8. Pair Up to Iterate and Refine (10 Minutes)
      9. Team Idea Generation (45 Minutes)
      10. Using the Output
    3. What to Watch Out For
  15. 10. Box 6: Hypotheses
    1. Facilitating the Exercise
    2. Prioritizing Hypotheses
    3. What to Watch Out For
  16. 11. Box 7: What’s the Most Important Thing We Need to Learn First?
    1. Facilitating the Exercise
    2. What to Watch Out For
  17. 12. Box 8: MVPs and Experiments
    1. What Is an MVP Anyway?
      1. Example: Should We Launch a Newsletter?
    2. Creating an MVP
      1. Creating an MVP to Understand Value
      2. Creating an MVP to Understand Implementation
      3. Some Final Guidelines for Creating MVPs
      4. The Truth Curve
    3. Examples of MVPs
      1. Landing Page Test
      2. Feature Fake (aka the Button to Nowhere)
      3. Wizard of Oz
      4. Example: Wizard of Oz MVP for Taproot Plus
    4. Prototyping
      1. Paper Prototypes
      2. Low-Fidelity On-Screen Mock-Ups
      3. Middle- and High-Fidelity On-Screen Prototypes
      4. No-Code MVP
      5. Coded and Live-Data Prototypes
      6. What Should Go into My Prototype?
      7. Demos and Previews
      8. Example: Using a Prototype MVP
  18. 13. Bringing It All Together
    1. The Lean UX Canvas in the Enterprise
    2. Validately: Validating Your Product with Customer Interviews and a Two-Day Prototype
    3. Kaplan Test Prep: Using Lean UX to Launch a New Business
  19. III. Collaboration
  20. 14. Collaborative Design
    1. Collaborative Design
      1. Collaborative Design: The Informal Approach
      2. Lean UX and Design Sprints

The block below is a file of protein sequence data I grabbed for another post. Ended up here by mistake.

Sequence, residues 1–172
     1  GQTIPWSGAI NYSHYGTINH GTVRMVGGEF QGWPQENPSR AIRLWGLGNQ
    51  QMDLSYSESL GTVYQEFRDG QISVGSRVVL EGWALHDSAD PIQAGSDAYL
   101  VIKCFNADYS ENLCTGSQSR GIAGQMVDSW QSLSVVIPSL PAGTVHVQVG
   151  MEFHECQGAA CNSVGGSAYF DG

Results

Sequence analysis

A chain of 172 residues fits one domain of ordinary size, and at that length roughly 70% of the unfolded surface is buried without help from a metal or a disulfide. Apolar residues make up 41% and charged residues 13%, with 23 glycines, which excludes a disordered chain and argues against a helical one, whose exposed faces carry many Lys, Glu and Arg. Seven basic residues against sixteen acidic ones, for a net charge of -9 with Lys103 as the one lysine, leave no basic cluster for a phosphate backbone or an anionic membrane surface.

3. Using Design Sprints in a Lean UX Process
    2. Design Systems
      1. Design Systems: What’s in a Name?
      2. The Value of Design Systems
      3. Design Systems Teams Are Product Teams
      4. Don’t Skip the Fat Markers
    3. Collaborating with Geographically Distributed Teams
      1. Collaborating with Distributed Teams
      2. Making Collaboration Work
      3. Wrapping Up
  21. 15. Feedback and Research
    1. Continuous and Collaborative Research
      1. Collaborative Discovery
      2. Continuous Learning
      3. Making Sense of the Research: A Team Activity
      4. Identifying Patterns over Time
      5. Monitoring Techniques for Continuous and Collaborative Discovery
    2. Wrapping Up
  22. 16. Integrating Lean UX and Agile
    1. Make the Agile Process Your Own
      1. Redefining “Done”
      2. We’re Still Doing Staggered Sprints. Why?
      3. Dual-Track Agile
    2. Exploiting the Rhythms of Scrum to Build a Lean UX Practice
      1. Sprint Goals, Product Goals, and Multi-Sprint Themes
      2. Designers Must Participate in Planning
    3. Stakeholders and the Risks Dashboard
    4. Outcome-Based Road Maps
      1. Frequency of Review
      2. Measuring Progress
    5. Lean UX and Agile in the Enterprise
    6. Wrapping Up
  23. IV. Lean UX in Your Organization
  24. 17. Making Organizational Shifts
    1. The Shifts
      1. Changing Culture
      2. Shifting Team Organization
      3. Shifting Process
  25. 18. Lean UX in an Agency
    1. What Business Do You Want to Be In?
    2. Selling Lean UX to Clients Is All About Setting Expectations
    3. Nobody Wants to Buy Experiments
    4. You Made the Sale! Now Navigate Procurement
    5. You’re Not an Outsourcing Partner Anymore
    6. A Quick Note About Development Partners and Third-Party Vendors
    7. Wrapping Up
  26. 19. A Last Word
    1. The Product that Makes the Product
  27. Index
  28. About the Authors

Product information

  • Title: Lean UX, 3rd Edition
  • Author(s): Jeff Gothelf, Josh Seiden
  • Release date: July 2021
  • Publisher(s): O'Reilly Media
  • ISBN: 9781098116255